the Pou at Tangi-ke-teo along Te Ara o Nga Tupuna

A Maori statue (Pou) on the ridge of Mount Victoria (Tangi-ke-teo)                          in  Wellington, New Zealand is a marker for the Maori Heritage Trail (Te Ara o Nga Tupuna).

From Mount Victoria one can see most of Wellington Harbour.

The Story

Legend has it that two taniwha (mythological beings that live in deep pools in rivers, dark caves, or in the sea) lived in the harbour, which at that time was an enclosed lake.

One was a restless, energetic taniwha named Ngake, who longed to escape its confinements and swim to open sea. It sped about in the north east corner of the harbour, using its tail to build up the shallow area (Waiwhetu), and then hurled itself at the rocks encircling the lake, and smashed through to escape to the freedom of Raukawamoana (Cook Strait).

The other taniwha, Whataitai, decided to make his escape through another exit. Pushing off with its tail, and in doing so forming the Ngauranga gorge, Whataitai headed off down the other side of the island of Motu Kairanga (Miramar Peninsula) only to get stuck by the receding tide Ngake had let in. Whataitai’s body thus forms the isthmus between the former island of Motu Kairanga and the western side of the harbour, where the airport is now situated.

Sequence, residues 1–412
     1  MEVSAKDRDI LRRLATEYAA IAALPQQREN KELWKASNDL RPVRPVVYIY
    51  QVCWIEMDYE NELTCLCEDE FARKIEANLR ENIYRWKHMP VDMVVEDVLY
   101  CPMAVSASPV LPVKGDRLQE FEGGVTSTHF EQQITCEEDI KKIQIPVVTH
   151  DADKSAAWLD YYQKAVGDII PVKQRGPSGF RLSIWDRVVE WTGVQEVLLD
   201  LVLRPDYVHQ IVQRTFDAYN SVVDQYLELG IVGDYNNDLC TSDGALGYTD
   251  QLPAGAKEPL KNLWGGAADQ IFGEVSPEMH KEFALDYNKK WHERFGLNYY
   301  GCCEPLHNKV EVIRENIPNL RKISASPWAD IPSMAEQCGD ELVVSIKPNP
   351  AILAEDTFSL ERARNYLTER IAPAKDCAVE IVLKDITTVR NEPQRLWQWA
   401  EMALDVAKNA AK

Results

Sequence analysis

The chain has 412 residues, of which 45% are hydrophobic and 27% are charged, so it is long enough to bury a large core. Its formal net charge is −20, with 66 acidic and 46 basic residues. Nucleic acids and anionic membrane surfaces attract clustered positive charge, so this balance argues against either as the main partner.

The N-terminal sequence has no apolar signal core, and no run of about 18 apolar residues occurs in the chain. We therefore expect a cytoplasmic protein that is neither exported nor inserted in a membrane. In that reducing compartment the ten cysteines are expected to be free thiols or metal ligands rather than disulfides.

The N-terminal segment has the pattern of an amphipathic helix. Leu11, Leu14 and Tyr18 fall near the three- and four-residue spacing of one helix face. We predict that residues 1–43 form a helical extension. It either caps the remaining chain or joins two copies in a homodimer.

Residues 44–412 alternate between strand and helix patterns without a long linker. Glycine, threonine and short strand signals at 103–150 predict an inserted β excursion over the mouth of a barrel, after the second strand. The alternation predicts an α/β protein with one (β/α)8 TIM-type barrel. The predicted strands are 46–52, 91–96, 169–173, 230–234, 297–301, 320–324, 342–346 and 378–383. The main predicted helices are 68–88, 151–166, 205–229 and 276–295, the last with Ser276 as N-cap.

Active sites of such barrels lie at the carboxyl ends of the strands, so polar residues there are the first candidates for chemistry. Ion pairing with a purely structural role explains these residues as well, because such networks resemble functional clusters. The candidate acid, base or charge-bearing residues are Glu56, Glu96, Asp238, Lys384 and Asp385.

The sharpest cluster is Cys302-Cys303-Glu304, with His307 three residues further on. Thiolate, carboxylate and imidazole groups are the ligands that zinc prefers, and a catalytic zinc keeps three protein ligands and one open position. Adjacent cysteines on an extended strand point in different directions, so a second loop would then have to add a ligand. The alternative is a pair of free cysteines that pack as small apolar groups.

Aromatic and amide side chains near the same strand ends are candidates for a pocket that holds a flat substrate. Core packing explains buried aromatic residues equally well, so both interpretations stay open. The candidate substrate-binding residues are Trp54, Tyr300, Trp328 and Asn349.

It is believed Tangi-te-keo, (Mt Victoria) was named after the soul of Whataitai, which, after leaving the taniwha’s body, flew up to the top of this hill in the shape of a bird and proceeded to tangi (weep and mourn).

The Modern Context

Such a stunning moment to see this bright red metal Maori statue against the backdrop of Wellington, a bustling city similar to San Francisco in many ways with a hugely diverse, urbane, young population, steep streets and  blind corners, not to mention at least seven active fault lines.

When I visited Mt. Vic, there were literally hundreds of kindergardeners sitting around drawing/scribbling their rendition of the statue on pieces of paper. This modern Maori statue  is a testament to the story of the land. It seems they are imbued with the the terroir of their country from a young age, or at least get to go on awesome field trips to draw and color statues.